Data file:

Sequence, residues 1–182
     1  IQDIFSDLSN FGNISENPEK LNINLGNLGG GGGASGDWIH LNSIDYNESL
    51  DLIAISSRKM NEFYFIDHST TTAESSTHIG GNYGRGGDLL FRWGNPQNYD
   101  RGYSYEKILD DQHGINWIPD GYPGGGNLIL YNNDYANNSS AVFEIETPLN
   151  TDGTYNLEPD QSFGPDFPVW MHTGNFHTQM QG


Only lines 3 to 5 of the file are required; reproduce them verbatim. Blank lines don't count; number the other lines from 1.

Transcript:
    51  DLIAISSRKM NEFYFIDHST TTAESSTHIG GNYGRGGDLL FRWGNPQNYD
   101  RGYSYEKILD DQHGINWIPD GYPGGGNLIL YNNDYANNSS AVFEIETPLN
   151  TDGTYNLEPD QSFGPDFPVW MHTGNFHTQM QG